It even ended up inside of my (spanish) guitar a couple of times.
    Didn’t happen too often in the 30 years of guitar playing, but this special pick could be helpfull.

    To people having trouble holding the pick due to reumatism of arthrosis to the MCP-joints this pick could be helpful. It makes it possible to relax the muscles when you don’t have to play during a performance e.g. in a band, without losing the pick.

    So maybe not so idiot as one would think … 😉

  3. Well Ro,
    It’s nice to see people with an open mind …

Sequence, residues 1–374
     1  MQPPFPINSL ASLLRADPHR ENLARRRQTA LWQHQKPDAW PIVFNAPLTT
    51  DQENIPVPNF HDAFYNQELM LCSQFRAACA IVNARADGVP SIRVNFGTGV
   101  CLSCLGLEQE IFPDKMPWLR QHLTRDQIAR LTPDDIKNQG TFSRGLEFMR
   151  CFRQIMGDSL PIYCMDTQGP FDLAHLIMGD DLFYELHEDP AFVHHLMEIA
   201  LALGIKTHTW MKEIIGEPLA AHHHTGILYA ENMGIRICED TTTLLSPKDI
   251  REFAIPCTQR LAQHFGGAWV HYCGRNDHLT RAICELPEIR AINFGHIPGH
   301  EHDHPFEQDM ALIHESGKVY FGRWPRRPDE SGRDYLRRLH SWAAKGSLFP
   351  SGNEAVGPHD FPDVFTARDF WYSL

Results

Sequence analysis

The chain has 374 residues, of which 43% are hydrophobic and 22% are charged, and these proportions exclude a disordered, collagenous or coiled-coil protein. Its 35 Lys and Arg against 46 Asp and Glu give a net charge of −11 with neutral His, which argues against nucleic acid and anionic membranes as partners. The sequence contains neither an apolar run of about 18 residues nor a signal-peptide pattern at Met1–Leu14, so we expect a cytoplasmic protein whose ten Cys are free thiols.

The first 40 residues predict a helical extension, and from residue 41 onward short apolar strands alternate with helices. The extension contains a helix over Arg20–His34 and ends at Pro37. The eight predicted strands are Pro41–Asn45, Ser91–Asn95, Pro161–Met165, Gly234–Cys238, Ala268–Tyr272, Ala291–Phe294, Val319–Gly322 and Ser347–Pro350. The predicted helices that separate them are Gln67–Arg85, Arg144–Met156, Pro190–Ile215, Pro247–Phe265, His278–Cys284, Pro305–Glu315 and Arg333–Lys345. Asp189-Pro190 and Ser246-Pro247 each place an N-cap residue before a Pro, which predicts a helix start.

Having used them for a few years and loving them, there are a number of reasons I like to use them that has nothing to do with the author’s comment about training wheels.

    First: By having the strap around my index or middle finger, it allows me to switch mid-song to/from finger-picking in the blink of an eye, something I do quite often for the type of music I play and context of my playing.

    Second, having the strap allows me to grip the pick more loosely, allowing me to be moving my hand very quickly and at the same time getting a softer tone.

    There are more reasons, but the final one I will give is that, over the years, for whatever reason, my fingers have become significantly less tacky. The smooth picks slip easily out of my fingers and position unless I grip them hard enough to make my arm begin to ache fairly quickly. No, I am not handicapped, my hands are quite strong enough, my skin just doesn’t “grip” like it used to.